Populations of seemingly identical cells are often highly variable with respect to phenotype, but the quantitative basis of this variation is rarely understood. The goal of this proposal is to develop and experimentally validate multiscale stochastic and deterministic mathematical models incorporating the sources of this variation: cell division and intracellular constituents. To do so, our studies will exploit and seek to explain metastable prion-based phenotypes in yeast, an experimentally tractable and biologically relevant model. Prions are protein-only genetic elements in which distinct functional states of the same protein are created by self-templating changes in its three-dimensional conformation within the context of an aggregate. Prions in mammals are commonly associated with fatal neurodegenerative disease, but yeast prions appear and disappear through manipulations that exploit biological heterogeneity.
In Aim 1 we develop a model of prion appearance with two stages of stochastic regulation: an initial aggregate first must appear and then persist in the population as cells divide. We will analyze our model by directly solving the chemical master equation (CME) over a novel state-space truncation we developed for protein aggregation. We use generating functions to develop a matrix free implementation of the CME enabling us to consider biologically feasible state spaces up to the size of system memory.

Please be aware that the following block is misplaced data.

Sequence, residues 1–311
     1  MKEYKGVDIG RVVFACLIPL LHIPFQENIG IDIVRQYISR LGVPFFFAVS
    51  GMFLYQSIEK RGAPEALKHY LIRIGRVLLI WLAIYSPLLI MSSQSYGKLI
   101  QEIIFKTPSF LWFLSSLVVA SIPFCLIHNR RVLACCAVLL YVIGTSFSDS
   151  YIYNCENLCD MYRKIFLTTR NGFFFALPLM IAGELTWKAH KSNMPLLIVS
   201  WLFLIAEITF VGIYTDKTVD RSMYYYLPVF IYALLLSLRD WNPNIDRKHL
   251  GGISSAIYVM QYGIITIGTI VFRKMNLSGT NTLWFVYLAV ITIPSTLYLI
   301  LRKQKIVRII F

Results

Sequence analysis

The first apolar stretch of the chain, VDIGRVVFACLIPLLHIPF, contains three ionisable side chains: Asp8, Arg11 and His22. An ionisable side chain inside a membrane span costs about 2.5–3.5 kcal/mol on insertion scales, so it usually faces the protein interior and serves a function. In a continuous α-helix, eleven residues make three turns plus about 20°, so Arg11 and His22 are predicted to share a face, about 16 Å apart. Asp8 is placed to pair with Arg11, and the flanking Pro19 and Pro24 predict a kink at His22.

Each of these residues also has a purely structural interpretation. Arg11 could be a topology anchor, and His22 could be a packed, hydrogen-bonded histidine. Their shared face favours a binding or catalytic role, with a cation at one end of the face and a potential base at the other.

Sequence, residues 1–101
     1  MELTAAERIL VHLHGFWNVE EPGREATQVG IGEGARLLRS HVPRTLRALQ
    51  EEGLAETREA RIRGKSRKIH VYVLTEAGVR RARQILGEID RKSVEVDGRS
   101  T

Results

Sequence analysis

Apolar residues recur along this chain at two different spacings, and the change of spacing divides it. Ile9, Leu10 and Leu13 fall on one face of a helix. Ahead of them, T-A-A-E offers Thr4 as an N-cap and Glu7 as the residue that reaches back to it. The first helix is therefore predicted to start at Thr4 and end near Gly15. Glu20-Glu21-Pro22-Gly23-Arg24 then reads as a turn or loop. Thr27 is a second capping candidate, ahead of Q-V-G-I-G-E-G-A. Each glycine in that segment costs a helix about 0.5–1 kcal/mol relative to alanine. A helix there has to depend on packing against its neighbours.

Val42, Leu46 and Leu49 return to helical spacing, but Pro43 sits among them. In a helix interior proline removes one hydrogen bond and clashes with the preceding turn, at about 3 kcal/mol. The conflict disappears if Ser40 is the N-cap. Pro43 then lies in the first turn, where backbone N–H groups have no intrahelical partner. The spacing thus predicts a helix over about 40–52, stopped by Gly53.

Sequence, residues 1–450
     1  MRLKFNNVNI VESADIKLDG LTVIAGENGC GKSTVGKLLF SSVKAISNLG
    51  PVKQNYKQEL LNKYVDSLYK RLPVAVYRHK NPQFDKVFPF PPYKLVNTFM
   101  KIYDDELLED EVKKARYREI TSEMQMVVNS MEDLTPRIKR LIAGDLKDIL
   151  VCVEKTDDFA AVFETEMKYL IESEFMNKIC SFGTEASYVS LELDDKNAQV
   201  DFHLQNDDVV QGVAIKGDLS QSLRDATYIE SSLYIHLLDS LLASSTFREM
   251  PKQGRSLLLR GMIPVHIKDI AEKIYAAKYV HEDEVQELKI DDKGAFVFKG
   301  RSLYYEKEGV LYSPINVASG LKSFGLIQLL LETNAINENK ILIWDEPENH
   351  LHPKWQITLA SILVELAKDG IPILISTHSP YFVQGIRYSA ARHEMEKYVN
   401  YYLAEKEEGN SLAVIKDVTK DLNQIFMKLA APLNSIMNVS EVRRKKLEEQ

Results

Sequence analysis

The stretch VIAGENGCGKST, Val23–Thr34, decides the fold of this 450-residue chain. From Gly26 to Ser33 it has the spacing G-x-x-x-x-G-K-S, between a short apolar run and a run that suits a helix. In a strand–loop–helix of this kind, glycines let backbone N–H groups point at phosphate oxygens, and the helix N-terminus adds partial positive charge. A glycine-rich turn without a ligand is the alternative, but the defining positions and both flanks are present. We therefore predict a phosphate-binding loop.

In Aim 2, we develop a multiscale structured population model (MS-SPM) where aggregates evolve in size and number during a cell's lifetime and are distributed, along with other cellular constituents impacting these dynamics, in accordance with asymmetries in cell division. To solve the MS-SPM - a system of coupled PDEs with non-local boundary conditions - we will generalize numerical methods developed for age-structured population models. We will use our model to study the relationship between cellular age and aggregate composition and to discovery the molecular basis of prion disappearance induced by prion dominant-negative mutants. These models will be used to explain data, estimate parameters and develop hypotheses to guide future experiments.
This proposal seeks to develop novel mathematical strategies to uncover the mechanistic and quantitative basis behind the appearance and disappearance of prion phenotypes. In humans, prions are associated with wide array of diseases including genetic, sporadic and transmissible neurodegenerative disease as well as type II diabetes. Insights from this proposal are relevant to NIH's mission of understanding and treating human disease.